There’s something terribly abrupt in Javert’s suicide, in Russell Crowe’s performance of Les Miserables, and the way the song builds logically toward its climax doesn’t fully prepare you for the impact of his leap into the void. You keep expecting an alternate ending, the way he gazes over the edge – you can tell this is not what he wants, and that he regrets it, in the Homeric sense of regret (best described in Simone Weil’s essay, The Iliad, or The Poem of Force).
It calls to mind a vignette I read recently about a suicide attempt made by a young woman who had just had a fight with her husband – she survived, and tried to wipe the blood away herself when he discovered her in the bathroom, as if to smooth things over. He screamed, and took her straight to a hospital, whence began her journey into psychiatric care.
The patient in the vignette had a genetic disorder that caused cumulative liver disease which reached a breaking point in her early 20s and predisposed her to disorganized thinking and emotional distress (Wilson’s disease). So one would think she’s not representative of suicides, on the face of it. But there’s something necessarily abrupt and unnatural about a turn to suicide, in anyone who hasn’t already been contemplating it for years. And there’s that apologetic reaction face one naturally puts on when caught red-handed after a failed attempt. It’s not insincere, it’s just abrupt.
This poem, based on the 55th Psalm, captures Javert’s thoughts in between his escape at the barricades and his confrontation with Jean Valjean in the sewers, and highlights how differently things might have turned out, if they had never met again. (But could it have ever ended that way? Could Javert have let himself fail to find Valjean?)
Stars, bend your gaze, hear my prayer,
in your firmament, smile on my plea.
If you hear me below, shine the brighter!
For in turmoil, I stagger and groan.
From the press of the enemy,
from the onslaught of reckless, foul crime,
when the scoundrels of cheapstreet take up arms
and in fury the mob seeks my life,
my breast shudders painfully,
death-terrors flood my senses,
fear sends tremors through me,
and horror of vice floods my soul.
Would I could rise like the eagle,
to soar far from here and take rest.
I would wander the mountainous deserts,
and plunge in the lakes of the highlands,
to wash away all that has touched me,
and live far from the riotous crowds.
Stars, bring your silence to bear,
for I’ve witnessed the outrages here,
criminals ceaselessly circle their prey,
and all Paris is party to mischief,
preying on those most defenseless –
chicanery governs the market square.
No rascal defies me, that I might shrug,
no hatred pursues me, that I might hide.
But you – a pillar of industry,
my equal, a full citizen,
with whom I conferred on my duties,
to whom I once gladly deferred!
May his kind meet their deaths with more haste.
Perdition should take him alive.
For they feather their nests with the spoils of crime.
I call on the stars in dismay,
and their steadiness shows me my fate.
Through the night I have dreaded the dawn
and racked my soul with questions,
for only the stars know my thoughts.
This fugitive ransomed my life,
when in battle, outnumbered, I fell,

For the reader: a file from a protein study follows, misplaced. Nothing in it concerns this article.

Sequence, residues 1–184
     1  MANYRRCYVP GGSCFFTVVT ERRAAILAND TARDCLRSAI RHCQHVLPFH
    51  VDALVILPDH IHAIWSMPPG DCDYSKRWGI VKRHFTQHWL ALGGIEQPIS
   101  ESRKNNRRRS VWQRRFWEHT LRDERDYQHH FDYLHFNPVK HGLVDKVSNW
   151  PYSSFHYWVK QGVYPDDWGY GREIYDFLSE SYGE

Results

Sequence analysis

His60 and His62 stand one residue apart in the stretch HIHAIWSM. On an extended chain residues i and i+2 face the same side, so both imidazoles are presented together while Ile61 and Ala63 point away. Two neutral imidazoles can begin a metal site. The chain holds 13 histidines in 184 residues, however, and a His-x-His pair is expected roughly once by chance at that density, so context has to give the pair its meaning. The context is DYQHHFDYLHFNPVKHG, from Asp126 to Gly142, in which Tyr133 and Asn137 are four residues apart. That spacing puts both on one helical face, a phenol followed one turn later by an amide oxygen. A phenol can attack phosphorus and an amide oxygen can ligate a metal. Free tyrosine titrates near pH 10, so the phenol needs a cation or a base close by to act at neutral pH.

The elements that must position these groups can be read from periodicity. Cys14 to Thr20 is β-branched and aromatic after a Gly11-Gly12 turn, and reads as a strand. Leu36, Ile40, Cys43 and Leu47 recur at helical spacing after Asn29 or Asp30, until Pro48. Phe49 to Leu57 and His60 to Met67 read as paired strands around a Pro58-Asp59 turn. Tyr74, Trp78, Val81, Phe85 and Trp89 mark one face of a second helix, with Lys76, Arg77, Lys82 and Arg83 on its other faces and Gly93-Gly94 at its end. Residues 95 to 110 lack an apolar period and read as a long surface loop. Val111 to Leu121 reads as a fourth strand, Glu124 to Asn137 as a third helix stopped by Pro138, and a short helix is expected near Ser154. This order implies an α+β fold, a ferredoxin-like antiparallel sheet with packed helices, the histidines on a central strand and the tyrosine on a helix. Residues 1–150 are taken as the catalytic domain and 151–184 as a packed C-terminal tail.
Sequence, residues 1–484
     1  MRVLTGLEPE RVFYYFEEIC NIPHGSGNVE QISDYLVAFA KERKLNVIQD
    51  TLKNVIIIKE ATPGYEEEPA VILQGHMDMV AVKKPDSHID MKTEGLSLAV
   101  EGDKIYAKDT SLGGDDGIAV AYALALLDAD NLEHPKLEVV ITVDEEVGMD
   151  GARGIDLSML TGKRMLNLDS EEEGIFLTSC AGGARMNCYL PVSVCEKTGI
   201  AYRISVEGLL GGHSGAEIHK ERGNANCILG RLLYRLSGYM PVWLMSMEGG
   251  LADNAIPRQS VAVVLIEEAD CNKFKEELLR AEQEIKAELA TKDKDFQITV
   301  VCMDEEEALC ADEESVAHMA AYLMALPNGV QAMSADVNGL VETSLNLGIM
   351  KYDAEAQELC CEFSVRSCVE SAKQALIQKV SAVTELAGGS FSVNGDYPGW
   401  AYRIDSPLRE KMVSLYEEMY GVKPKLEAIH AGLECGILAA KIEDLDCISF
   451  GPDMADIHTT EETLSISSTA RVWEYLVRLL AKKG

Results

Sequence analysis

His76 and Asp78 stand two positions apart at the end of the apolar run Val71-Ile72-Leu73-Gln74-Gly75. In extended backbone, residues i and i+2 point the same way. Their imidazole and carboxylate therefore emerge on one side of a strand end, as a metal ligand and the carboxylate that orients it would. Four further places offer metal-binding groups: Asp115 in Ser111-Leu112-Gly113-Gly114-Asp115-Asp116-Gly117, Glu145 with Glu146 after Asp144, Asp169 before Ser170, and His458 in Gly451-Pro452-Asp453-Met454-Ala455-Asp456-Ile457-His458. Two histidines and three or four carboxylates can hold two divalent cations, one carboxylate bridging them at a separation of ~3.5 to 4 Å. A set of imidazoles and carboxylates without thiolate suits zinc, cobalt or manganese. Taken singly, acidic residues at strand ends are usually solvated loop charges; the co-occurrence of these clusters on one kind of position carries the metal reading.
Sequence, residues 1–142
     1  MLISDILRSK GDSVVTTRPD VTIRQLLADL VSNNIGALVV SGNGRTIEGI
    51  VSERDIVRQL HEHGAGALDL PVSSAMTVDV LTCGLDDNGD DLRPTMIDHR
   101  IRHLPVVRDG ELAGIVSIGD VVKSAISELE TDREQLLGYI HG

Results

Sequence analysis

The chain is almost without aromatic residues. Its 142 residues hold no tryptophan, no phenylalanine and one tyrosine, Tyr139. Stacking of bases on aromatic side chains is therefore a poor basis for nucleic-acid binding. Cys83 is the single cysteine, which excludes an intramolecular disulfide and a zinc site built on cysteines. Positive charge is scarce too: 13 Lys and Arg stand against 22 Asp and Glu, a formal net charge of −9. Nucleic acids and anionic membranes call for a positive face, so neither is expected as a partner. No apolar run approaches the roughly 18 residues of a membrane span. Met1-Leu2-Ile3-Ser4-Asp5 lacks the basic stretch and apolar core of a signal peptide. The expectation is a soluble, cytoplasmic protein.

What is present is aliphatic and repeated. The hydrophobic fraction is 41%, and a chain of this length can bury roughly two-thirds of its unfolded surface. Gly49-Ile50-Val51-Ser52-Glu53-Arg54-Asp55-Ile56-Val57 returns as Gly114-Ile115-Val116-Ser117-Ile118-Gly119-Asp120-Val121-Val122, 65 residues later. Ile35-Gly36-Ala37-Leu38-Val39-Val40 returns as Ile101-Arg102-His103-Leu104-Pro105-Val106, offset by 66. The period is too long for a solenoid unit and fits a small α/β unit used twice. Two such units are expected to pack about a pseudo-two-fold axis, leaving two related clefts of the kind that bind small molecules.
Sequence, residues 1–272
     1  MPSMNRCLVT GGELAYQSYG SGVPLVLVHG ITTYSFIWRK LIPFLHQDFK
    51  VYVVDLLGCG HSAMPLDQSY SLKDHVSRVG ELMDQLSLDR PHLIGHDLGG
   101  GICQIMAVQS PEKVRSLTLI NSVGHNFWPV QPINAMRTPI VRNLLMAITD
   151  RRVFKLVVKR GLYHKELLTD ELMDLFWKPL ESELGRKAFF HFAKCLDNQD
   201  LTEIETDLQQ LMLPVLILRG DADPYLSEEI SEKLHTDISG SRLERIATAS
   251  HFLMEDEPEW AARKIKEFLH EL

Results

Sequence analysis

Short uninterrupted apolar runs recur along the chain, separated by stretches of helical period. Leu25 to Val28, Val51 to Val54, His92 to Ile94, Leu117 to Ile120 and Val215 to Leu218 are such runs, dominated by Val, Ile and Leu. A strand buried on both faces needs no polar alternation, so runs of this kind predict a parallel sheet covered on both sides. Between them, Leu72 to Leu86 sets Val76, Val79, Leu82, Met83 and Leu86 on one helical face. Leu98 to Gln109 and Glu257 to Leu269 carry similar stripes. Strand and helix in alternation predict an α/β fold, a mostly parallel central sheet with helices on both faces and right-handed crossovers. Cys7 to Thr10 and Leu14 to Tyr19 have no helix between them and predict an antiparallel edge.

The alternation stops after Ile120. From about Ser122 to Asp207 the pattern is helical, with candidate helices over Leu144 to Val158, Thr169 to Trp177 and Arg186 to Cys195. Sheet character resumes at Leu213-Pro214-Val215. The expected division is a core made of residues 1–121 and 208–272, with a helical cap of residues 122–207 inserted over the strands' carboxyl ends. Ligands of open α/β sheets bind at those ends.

a captive among reckless men –
inflamed by their own penury,
such malcontents flinch at no crime.
He released me behind his men’s backs,
a traitor to even his own.
His smoothness was vile as a snake’s;
in his heart he desired my death.
His words were of mercy and peace,
but he came here to take up the sword.
I can only fall back on the law,
for the laws of the heavens are firm.
They protect righteous men from the mob.
I pray that the stars intercede,
and carry him down to destruction.
Men who hide vice in their hearts
will not long outrun death’s embrace.
For myself, I must trust in the stars.
Broken City flew under the radar commercially, but was warmly received by critics as a grungy neo-noir A-lister, starring Russell Crowe, Mark Wahlberg, Catherine Zeta-Jones, Jeffrey Wright and Barry Pepper as players in a corruption scandal that leaves none of the principals untouched.
Set in the Big Apple, the story revolves around the choices of an ex-cop (Wahlberg) with skeletons in his closet that just won’t leave him alone. His spunky assistant Valerie (played by Britney Theriot) steals the last scene right out from under Wahlberg, but I won’t give too much away.
This poem, based on the 48th Psalm, is in the voice of the mayor’s wife (played by Catherine Zeta Jones), pressing a compromised P.I. (Wahlberg) to help expose her husband (played by Russell Crowe) before he gets a fast one past the voters of New York (again).
Power befits a Mayor so highly praised
in New York City’s ruthless commanding heights.
Built on a grand scale, the world’s symbol of wealth,
this city’s imperial skyline rounds out
the Mayor’s turbulent fiefdoms in high style.
Here is a force to be reckoned with – its steel
and glass irruptions spring from the Mayor’s clout.
For when the Ivy League elite conspired,
those proud outsiders could only pass on through.
They themselves witnessed the city’s growth, amazed,
and faced with this great juggernaut, they withdrew.
You’ve seen the whites of their eyes – they shuddered, stared,
writhed in their seats like women or dogs in heat.
With a rallying cry that captured their mood
this Mayor stole his rival’s thunder – crowds cheered!
As we heard in their debate, so we can see
the Mayor’s staying power – this is his town.
The people want him back – he polls in the lead.
You’ve witnessed the Mayor’s generosity
with the fruits of power, ensconced in his hall.
He’s built up a great name, and he extracts praise
from the lapdog press to the satellite news.
His brand of justice sets the tone for business.
All Manhattan is proud to celebrate him,
the burroughs and brownstones are yielding to steel
skyscrapers worth billions because of his trades.
Go visit the brownstones yourself – look around.
Count the families whose homes now stand in his way.
Set your mind to the memories living there,
and find some way to expose his backroom deals
before he robs another generation.
If you don’t act on what you know, he will win.
This Mayor would kill to have his victory.